Threshing Floor Podcast 039: Aldersgate and the Role of Salvation

Threshing Floor Podcast 039: Aldersgate and the Role of Salvation

threshing floor final

In our first summer episode our guys talk about their favorite beginnings of summer, snow cones vs. snow balls and early 90’s Christian television. When things get a little serious, the boys talk about Aldersgate and the role of salvation in Wesleyan theology. To finish up the episode, we have our 3rd (and final) discussion about Mad Max: Fury Road


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4 Responses

  1. A view from the pew from a lifelong Methodist who, at age 59, after distancing myself from all things church, finally was given an understanding of who God is and who I am as an individual at the hands of The Heidelberg Catechism and modern books about it by a Presbyterian pastor and a Reformed Church pastor: I appreciate your discussion about Aldersgate and the role of salvation–it is a conversation that is sorely missing within the United Methodist Church. But truthfully, I quit listening because all you are doing is “stirring the pot” when somewhere, somehow, somebody needs to nail this down for the benefit of the person in the pew, especially how this story applies to them. I knew this story backwards and forwards. What I found stunning when I delved into Wesley’s journals for myself was the context in which Aldersgate happened. It did not just come out of the blue. His conversations with the Moravians led him to expect such an experience. His heart was heavy and he was reluctant because although he now believed that such an experience was crucial, he was frustrated that he had not had it–and if I remember my Wesleyan history correctly, brother Charles had already had such an experience. As his ministry evolved from that life-changing point, John Wesley always taught the people, that if they did not have it, to expect such a thing, to pray for it, to seek after the assurance of the Holy Spirit that yes, you, Joe Blow, are my child. I know how muddled to non-existent such teaching is within the UMC because prior to engaging the Heidelberg, I slogged through a couple of Ken Collins’ books on Wesleyan theology and had a major aha moment of, “It really is about God the Father, AND God the Son AND God the Holy Spirit and they each have a role to play!” I so want people to quit stirring the pot and come up with something that is helpful to Joe Blow in the pew. No wonder the gospel message is stymied; right now it is up to the person in the pew to get frustrated enough with church to go chase it down on their own. The gospel needs to stop being the best kept secret of the United Methodist Church–and having assurance from God that yes, you belong to me, you are mine is a critical part of the gospel!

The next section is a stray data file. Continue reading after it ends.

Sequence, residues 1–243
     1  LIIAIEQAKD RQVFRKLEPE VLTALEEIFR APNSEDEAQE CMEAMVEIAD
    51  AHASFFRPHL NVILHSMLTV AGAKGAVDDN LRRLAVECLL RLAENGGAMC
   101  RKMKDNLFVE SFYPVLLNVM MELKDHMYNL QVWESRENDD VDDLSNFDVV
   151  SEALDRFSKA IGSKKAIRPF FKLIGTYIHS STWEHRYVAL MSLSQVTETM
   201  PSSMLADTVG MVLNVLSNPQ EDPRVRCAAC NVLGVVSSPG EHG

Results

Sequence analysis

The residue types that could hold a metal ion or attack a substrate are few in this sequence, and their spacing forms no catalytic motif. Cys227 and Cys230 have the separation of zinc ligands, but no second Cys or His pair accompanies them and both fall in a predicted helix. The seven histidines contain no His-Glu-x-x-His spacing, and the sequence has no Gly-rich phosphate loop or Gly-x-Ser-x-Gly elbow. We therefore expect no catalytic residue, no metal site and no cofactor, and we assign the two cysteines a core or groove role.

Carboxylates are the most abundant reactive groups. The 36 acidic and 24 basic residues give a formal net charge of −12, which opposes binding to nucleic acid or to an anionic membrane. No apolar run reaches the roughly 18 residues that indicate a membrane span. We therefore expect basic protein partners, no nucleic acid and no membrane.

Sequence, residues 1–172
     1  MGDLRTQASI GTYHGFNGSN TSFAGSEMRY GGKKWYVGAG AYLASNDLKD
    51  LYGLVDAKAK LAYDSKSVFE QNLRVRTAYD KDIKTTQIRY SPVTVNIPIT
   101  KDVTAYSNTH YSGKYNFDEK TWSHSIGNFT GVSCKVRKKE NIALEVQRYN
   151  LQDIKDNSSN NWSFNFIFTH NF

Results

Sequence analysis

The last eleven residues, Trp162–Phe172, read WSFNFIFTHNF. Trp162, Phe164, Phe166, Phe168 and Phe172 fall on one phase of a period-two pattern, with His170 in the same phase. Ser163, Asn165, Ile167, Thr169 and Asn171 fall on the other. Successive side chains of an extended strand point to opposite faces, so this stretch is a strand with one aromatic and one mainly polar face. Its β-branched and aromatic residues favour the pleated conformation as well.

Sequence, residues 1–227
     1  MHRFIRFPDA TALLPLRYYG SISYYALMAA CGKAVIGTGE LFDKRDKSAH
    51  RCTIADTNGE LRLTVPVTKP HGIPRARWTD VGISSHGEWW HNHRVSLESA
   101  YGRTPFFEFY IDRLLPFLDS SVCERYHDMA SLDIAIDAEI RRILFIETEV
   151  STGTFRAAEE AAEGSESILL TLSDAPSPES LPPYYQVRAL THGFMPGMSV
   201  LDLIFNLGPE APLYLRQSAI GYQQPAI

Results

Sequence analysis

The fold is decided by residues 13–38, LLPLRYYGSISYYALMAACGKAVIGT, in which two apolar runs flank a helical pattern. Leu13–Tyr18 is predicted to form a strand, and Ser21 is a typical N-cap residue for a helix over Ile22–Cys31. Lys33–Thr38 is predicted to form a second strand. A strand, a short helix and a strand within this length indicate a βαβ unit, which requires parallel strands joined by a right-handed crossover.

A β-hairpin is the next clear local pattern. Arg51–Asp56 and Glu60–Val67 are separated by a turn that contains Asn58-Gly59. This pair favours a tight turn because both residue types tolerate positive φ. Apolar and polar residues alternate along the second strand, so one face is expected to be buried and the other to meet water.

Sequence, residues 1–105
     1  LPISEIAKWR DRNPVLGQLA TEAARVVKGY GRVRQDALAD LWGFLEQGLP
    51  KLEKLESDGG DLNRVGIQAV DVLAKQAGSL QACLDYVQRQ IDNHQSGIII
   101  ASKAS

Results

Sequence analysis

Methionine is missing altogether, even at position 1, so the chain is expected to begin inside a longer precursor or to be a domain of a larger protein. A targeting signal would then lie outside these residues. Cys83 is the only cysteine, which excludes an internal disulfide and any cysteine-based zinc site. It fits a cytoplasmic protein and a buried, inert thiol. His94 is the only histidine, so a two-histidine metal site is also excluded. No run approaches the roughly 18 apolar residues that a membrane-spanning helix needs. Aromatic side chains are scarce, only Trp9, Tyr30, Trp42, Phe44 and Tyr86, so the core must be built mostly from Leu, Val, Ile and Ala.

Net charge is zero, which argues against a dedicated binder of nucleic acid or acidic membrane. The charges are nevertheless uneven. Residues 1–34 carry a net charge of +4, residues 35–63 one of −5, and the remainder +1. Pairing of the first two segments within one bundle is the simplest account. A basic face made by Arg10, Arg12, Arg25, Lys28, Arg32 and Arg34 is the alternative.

1. I’ll be honest Orter, Wesleyan theology doesn’t ALWAYS offer the kind of assurance you look for. It makes perfect sense that you found what you are looking for in a more reformed soteriology, but that level of doctrinal ease is not a hallmark of the people called methodist or of those who subscribe to Wesleyan theology. Assurance of salvation is a hallmark of Wesleyanism, but there is no hard and fast way that comes. I would love there to be more hard answers, but as Metropolitan Ware says “It is not the task of Christianity to provide easy answers to every question, but to make us progressively aware of a mystery. God is not so much the object of our knowledge as the cause of our wonder.”

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